On September 22, 1969, I was sworn in as a Federal Agent at the U.S. Department of Justice (DOJ) for the Bureau of Narcotics and Dangerous Drugs. It seems like only yesterday.
Given I’m going on 49 years of being an investigator, this posts lays out for the prospective PI of the future, what I see as the pros and cons of becoming a PI.
A few days ago my phone started to ring with a flurry of texts and emails. It had to do with doomsday cult leader Shoko Asahara being executed in Japan. You might remember the deadly 1995 terrorist attack where cult members released the nerve gas sarin in Tokyo subways. Asahara was the mastermind of that attack. 13 people died and thousands suffered ill effects.
I was there.
I was there on that day, in that subway. And I remember the events as if they happened yesterday.
The days of private investigators performing marital surveillance jobs are pretty much over. Previously, marital surveillance jobs could be challenging, demanding and stressful. It was hard to get that photographic “money-shot.” Gathering evidence today is like shooting fish in a barrel.
Here’s why private investigators are hired for marital surveillance jobs today – and it’s a good reason.
Private investigator Thomas G. Martin was recently featured in an article about the private investigation of senior living facilities.
You’ve probably wondered at some point: If someone ran a background check on me, what would be in it?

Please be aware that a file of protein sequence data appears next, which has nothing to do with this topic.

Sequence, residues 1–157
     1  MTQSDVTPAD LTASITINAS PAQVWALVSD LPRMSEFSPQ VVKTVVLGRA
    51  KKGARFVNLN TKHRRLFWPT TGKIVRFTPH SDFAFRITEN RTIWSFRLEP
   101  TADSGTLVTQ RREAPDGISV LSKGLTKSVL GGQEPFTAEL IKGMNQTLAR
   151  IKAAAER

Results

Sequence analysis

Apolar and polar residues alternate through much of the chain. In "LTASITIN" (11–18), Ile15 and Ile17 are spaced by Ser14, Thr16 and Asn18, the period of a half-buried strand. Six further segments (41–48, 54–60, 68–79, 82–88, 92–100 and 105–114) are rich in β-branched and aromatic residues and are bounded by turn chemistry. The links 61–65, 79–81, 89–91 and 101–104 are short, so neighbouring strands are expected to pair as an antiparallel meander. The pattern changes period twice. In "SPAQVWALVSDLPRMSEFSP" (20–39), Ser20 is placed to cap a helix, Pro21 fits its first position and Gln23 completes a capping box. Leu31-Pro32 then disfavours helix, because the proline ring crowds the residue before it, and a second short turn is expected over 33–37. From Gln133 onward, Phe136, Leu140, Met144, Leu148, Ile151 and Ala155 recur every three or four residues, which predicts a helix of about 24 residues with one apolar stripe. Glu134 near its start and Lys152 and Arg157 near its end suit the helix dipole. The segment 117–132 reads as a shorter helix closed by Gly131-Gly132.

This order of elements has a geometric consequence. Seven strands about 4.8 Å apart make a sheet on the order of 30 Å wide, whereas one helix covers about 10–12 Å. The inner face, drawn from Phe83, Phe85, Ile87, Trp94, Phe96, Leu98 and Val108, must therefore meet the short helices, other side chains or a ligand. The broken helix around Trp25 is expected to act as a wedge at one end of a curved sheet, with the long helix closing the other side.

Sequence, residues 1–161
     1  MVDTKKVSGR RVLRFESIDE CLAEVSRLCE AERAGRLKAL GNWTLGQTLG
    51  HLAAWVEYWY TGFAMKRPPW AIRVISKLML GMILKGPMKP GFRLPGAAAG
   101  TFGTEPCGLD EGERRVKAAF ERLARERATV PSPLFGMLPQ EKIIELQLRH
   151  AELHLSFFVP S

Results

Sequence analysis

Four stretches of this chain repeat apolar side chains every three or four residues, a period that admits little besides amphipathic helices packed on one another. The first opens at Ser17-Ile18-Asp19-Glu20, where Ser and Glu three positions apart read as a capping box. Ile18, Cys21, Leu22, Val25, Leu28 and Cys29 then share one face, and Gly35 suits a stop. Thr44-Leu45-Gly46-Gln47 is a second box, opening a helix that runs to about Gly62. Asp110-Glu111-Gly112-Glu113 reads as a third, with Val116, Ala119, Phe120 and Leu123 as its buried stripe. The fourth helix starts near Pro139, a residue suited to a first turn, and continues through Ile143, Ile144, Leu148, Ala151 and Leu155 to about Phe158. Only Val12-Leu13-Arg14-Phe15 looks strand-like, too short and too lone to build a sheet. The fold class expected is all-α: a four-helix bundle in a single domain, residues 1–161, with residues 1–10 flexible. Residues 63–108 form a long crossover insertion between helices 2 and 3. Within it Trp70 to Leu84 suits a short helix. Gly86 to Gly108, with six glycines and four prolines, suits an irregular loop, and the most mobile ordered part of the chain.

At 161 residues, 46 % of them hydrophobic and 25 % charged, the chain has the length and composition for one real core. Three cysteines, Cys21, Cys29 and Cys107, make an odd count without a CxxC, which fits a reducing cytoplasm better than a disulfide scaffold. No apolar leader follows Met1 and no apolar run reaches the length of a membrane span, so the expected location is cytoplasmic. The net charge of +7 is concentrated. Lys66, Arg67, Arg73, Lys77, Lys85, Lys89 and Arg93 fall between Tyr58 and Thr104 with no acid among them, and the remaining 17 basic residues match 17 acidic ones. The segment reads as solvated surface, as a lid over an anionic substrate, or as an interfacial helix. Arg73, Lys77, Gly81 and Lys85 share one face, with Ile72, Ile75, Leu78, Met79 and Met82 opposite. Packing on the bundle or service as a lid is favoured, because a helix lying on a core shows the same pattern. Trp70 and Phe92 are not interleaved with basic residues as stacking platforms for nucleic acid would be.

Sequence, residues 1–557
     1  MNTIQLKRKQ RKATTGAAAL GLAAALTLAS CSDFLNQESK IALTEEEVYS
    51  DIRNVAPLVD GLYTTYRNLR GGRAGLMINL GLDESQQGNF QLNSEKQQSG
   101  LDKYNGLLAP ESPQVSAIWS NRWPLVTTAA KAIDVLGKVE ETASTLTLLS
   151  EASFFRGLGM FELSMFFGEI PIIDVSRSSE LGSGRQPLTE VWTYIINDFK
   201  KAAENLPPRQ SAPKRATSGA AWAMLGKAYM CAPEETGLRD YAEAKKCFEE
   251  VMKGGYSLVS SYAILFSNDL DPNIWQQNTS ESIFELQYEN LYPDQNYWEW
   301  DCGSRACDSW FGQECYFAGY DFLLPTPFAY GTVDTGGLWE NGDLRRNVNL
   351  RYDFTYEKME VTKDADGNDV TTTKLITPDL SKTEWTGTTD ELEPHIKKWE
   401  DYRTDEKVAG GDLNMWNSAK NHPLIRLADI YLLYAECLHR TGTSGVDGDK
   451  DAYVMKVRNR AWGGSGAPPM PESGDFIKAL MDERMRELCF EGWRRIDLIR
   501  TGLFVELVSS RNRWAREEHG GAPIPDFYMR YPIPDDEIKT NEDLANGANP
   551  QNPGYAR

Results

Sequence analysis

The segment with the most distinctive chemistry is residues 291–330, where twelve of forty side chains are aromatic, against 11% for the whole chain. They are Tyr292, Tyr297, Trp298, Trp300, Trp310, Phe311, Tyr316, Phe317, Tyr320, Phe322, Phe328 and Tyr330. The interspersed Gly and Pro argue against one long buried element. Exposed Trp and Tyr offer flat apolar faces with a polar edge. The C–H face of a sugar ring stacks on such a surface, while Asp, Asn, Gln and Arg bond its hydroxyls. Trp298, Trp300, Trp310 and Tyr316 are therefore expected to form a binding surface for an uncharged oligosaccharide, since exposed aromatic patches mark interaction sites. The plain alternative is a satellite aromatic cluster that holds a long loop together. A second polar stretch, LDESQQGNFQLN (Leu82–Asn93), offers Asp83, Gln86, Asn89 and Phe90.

Believe me when I say you would be shocked at what’s actually in these reports: I’m a private investigator whose agency performs hundreds of these background checks and asset searches every year.
The sheer amount of data in these reports is staggering: Many of them are a hundred pages or more.
Thomas Martin was interviewed by A&E about the unsolved, missing child case of Madeleine McCann – a case he believes suffered from too many cooks in this kitchen, and no head chef.
As the president of a private investigative agency with 5 offices and 22 investigators, we regularly get calls from people that want us to track down and find missing or lost pets. I am very sympathetic, but I will not take your money or your case.
The reality is that you don’t need a private investigator. When it comes to finding a lost pet, you honestly have the ability to do everything a PI can do.
Our PI firm receives thousands of calls a year. Every day, we have to explain to at least one caller that some of the things they want us to do for them are in fact illegal – and punishable by prison and fines. I decided to compile a list of these requests, and group them into categories. This allowed me to come up with a top 10 list of services we either won’t perform – or will only perform only under very tight restrictions, under the direction in writing from an attorney and/or they meet the severe limitations of the civil and criminal codes of conduct.
We are routinely called upon to serve papers. I was reminded this week that all our investigators need to be continuously vigilant.
A few days ago, Erin McClesky, a 36-year old process server from Austin, Texas, was killed when she was attacked by several loose dogs on the property as she attempted to serve civil papers.